“As far as wrenches go in construction, you're mostly working with wood and you're not doing a whole lot of metal and bolts, but you do want a few good wrenches in your tool bag.” - Jordan Smith

What is a wrench?

The job of a standard wrench is to tighten or loosen nuts and bolts to fasten a joint. The head of the wrench fits over the nut providing leverage to tighten or loosen it. 

When you think of the classic home improvement wrench, you’re most likely picturing a crescent wrench. It’s a one-sided wrench with a curved head with an opening to slide...

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How to Use a Chalk Line

hand tools Dec 23, 2020

When you hear the term “chalk line,” it can refer to either the tool or the line that the tool creates. A chalk line tool is made of a body (also called a chalk box) that contains colored, powdered chalk and a long reel of string. You pull the string out, snap it against a surface to mark a line, and wind it back up. 

A chalk line is a handy tool to mark a straight line when you do not have a ruler handy and for marking a line over a long distance of 30 to 40 feet and beyond. It’s not going to give you a perfectly straight line so it is not a substitute for a straight edge when you need an exact measurement, but it’s great for when almost-straight will do.

How to use a chalk line

A key point to remember when using a chalk line is that the person who walks is the person who pops. That means if you are the one walking the tool to the other end of the distance you are measuring, you are the one who pops the line over the surface. Your helper on the other...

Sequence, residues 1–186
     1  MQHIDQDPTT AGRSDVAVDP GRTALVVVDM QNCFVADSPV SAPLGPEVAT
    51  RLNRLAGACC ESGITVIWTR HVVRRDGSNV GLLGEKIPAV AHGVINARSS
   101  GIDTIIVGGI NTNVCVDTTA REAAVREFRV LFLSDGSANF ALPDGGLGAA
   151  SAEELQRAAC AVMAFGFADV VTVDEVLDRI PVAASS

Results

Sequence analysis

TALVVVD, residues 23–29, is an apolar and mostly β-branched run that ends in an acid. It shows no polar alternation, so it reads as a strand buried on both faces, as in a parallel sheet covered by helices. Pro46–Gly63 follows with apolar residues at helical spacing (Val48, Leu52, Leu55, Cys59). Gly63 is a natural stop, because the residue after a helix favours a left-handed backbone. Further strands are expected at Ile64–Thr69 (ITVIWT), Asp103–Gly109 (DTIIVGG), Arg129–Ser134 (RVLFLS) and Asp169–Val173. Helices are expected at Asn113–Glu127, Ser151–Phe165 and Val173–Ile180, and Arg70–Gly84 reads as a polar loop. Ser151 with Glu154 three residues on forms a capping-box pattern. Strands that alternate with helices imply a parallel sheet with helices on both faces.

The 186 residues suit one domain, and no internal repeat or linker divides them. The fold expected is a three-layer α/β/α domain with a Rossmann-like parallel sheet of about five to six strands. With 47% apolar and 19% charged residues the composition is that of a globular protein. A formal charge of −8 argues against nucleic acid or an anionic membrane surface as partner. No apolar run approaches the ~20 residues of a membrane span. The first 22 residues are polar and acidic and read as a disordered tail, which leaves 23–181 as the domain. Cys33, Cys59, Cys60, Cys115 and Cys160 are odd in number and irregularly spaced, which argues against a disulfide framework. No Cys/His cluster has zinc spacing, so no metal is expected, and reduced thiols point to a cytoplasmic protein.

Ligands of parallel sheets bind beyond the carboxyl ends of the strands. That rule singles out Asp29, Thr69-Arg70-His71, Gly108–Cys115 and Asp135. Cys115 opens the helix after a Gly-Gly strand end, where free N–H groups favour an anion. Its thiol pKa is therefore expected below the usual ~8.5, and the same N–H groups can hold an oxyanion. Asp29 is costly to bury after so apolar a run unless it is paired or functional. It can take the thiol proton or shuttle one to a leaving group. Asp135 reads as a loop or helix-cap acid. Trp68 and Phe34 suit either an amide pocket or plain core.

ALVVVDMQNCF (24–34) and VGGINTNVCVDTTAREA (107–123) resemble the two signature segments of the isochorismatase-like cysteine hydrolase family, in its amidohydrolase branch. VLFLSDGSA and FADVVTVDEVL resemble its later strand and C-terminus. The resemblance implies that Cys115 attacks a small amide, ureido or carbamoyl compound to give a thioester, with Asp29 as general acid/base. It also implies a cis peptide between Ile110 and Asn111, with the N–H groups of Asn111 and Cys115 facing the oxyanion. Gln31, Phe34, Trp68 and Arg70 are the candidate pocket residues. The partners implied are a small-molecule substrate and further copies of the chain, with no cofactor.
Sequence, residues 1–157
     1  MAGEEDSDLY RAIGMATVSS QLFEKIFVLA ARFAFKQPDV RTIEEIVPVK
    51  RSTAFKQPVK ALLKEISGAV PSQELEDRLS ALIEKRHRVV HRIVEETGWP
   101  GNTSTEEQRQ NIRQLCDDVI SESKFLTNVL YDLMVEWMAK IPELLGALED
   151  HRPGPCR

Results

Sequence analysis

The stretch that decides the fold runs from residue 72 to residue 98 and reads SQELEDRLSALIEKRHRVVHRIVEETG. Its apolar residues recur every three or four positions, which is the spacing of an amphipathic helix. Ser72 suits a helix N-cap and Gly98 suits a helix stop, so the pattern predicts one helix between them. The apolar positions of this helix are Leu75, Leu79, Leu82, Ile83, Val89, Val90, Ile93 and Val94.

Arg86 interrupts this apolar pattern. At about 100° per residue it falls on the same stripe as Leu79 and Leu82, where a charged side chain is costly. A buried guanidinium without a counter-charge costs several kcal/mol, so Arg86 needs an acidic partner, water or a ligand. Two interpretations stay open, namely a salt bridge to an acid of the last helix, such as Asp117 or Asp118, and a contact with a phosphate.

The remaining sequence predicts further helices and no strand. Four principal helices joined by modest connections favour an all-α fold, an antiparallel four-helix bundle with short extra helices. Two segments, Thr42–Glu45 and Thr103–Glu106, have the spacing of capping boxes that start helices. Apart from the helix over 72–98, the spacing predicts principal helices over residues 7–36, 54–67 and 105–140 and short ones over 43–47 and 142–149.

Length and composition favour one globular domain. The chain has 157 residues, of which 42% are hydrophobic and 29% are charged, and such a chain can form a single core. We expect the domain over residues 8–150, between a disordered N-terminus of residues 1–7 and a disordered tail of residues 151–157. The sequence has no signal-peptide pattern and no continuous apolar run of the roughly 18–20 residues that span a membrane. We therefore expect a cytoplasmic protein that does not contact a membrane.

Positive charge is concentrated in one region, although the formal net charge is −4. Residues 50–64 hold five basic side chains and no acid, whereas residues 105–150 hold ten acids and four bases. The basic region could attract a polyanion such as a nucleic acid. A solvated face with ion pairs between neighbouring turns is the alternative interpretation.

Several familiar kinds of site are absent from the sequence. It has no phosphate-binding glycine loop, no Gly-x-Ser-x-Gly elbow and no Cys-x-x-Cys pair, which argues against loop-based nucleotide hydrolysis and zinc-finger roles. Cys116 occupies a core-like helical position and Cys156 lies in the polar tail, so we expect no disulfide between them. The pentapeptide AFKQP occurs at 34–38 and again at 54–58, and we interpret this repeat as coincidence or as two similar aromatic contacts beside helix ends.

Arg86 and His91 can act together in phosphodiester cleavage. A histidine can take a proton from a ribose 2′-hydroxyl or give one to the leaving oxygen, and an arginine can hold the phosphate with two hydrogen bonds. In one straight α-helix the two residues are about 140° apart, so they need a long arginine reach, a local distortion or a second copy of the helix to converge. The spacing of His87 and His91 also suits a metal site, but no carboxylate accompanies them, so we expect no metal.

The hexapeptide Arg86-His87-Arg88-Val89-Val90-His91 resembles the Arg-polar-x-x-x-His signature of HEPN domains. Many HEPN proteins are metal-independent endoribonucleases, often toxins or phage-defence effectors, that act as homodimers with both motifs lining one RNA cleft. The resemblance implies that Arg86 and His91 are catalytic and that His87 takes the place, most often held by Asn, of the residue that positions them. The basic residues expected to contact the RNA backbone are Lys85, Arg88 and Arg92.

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How to Use a Speed Square

“There's so much math that this takes care of for you, where you don't have to figure it out with a calculator. Look at all of the features that a speed square has to offer, and then learn how to use them—that's the biggest thing that I can recommend. -Jordan Smith

A speed square is a simple, inexpensive, and lightweight hand tool essential for doing construction math. Beyond math, it has a multitude of uses on any job site. You can use it to determine a roof pitch, mark angles, guide saw cuts, scribe straight lines, and check if something is square. It’s also made of a singular piece of metal or plastic so that if it hits the ground while you’re working, it will still remain true.

What is a speed square?

Despite the word “square” in the name, a speed square is actually a right triangle with a perfectly 90 degree (square) edge and two 45 degree corners. It can also be referred to as a rafter square, triangle square, steel square, carpenter...